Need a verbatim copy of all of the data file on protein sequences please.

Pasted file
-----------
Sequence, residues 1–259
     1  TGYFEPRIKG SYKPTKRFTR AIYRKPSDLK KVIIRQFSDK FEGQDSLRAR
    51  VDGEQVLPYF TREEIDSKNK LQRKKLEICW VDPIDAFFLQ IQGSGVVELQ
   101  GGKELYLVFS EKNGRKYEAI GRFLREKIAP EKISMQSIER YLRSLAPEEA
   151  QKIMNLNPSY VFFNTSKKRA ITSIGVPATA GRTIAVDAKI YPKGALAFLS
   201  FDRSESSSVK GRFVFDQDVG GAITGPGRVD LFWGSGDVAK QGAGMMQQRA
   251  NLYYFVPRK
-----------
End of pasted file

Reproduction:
Sequence, residues 1–259
     1  TGYFEPRIKG SYKPTKRFTR AIYRKPSDLK KVIIRQFSDK FEGQDSLRAR
    51  VDGEQVLPYF TREEIDSKNK LQRKKLEICW VDPIDAFFLQ IQGSGVVELQ
   101  GGKELYLVFS EKNGRKYEAI GRFLREKIAP EKISMQSIER YLRSLAPEEA
   151  QKIMNLNPSY VFFNTSKKRA ITSIGVPATA GRTIAVDAKI YPKGALAFLS
   201  FDRSESSSVK GRFVFDQDVG GAITGPGRVD LFWGSGDVAK QGAGMMQQRA
   251  NLYYFVPRK